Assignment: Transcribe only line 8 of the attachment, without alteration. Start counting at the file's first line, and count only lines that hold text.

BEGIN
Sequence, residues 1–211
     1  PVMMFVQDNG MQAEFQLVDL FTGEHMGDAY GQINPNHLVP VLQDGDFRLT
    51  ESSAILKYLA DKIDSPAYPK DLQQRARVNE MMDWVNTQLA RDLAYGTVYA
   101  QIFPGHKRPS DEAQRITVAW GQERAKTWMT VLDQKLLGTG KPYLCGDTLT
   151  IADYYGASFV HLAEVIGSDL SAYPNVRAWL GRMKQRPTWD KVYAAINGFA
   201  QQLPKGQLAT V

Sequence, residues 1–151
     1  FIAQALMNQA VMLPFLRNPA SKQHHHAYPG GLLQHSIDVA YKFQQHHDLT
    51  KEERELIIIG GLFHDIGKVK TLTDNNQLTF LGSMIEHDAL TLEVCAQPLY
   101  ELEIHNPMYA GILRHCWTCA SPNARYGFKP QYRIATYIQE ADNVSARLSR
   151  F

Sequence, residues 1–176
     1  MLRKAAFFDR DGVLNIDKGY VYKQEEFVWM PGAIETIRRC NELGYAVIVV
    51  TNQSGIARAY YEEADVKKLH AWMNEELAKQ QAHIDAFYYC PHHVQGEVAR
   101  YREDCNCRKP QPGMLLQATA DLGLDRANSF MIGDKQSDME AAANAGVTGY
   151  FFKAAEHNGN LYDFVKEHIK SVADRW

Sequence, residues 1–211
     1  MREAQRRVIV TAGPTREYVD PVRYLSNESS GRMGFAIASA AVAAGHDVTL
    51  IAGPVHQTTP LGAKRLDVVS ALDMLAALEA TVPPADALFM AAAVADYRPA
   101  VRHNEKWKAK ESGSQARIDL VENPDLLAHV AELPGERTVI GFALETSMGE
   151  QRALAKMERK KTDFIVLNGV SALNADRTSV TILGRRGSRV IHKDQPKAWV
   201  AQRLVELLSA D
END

     1  FIAQALMNQA VMLPFLRNPA SKQHHHAYPG GLLQHSIDVA YKFQQHHDLT